"I've got to a time of life," says the hero of a modern novel, "when the only theories that interest me are generalisations about realities," There are many contemporary observers who do not require advancing years and a wider experience of life to concentrate them upon so serious a study. It is not that they deliberately turn towards consideration of the meaning and progress of the actual life around them. It is that they cannot - with the best desire in the world - escape from such an encompassing problem. To those the only question before them is the present: the past but furnishing material through which that present can rightly be interpreted, the future appearing as a present which is hurrying towards them - impatient to be born. They ask for fact; not make-believe. With Thoreau, "Be it life or death," they will cry, "We crave only reality. If we are really dying, let us hear the rattle in our throats and feel cold in the extremities; if we are alive, let us go about our business."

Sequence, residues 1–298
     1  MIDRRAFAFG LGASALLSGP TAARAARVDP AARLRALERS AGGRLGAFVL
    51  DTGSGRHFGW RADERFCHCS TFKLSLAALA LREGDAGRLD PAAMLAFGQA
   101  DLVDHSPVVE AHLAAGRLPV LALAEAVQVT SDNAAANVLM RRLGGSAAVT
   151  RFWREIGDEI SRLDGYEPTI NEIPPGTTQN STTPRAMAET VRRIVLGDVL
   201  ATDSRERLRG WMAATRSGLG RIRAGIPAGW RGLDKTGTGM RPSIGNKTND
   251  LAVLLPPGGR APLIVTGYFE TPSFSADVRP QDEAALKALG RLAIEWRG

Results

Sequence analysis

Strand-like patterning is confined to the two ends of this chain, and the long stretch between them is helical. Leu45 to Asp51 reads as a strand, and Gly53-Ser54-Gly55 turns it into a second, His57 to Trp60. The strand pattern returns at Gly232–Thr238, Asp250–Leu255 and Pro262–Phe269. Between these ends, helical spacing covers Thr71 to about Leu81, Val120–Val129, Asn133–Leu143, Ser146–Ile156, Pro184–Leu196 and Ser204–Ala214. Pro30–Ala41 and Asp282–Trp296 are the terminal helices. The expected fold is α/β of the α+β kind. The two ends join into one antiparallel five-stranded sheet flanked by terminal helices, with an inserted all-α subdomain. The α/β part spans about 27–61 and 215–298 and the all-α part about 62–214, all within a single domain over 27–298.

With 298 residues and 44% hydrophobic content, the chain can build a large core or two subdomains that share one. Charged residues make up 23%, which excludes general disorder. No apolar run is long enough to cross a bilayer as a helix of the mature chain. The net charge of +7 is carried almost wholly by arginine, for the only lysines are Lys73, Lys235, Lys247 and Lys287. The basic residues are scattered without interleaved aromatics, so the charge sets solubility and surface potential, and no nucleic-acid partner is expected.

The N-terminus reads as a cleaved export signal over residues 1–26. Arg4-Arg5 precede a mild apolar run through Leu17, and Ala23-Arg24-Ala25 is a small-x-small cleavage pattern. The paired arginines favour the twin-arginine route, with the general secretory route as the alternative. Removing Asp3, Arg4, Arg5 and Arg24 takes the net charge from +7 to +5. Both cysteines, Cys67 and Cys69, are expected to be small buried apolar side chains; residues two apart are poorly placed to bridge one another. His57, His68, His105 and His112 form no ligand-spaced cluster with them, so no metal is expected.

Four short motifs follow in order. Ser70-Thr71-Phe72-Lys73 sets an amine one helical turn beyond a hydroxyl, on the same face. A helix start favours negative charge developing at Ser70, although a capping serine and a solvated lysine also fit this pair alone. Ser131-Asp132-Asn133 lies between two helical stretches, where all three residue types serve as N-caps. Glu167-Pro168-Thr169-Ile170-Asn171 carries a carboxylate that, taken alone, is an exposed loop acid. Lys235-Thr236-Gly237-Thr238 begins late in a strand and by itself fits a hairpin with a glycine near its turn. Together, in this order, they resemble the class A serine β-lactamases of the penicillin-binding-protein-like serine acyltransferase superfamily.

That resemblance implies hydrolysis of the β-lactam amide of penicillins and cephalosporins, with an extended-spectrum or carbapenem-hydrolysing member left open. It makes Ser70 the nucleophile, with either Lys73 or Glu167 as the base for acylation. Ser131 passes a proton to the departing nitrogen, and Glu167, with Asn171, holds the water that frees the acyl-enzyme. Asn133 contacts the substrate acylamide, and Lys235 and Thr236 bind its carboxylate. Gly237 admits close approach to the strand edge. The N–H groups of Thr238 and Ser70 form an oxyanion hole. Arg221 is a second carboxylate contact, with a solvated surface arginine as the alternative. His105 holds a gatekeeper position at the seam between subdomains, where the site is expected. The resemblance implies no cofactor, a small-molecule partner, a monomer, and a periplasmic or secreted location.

The following pages offer an attempt to estimate some of these "realities" in the life of contemporary England.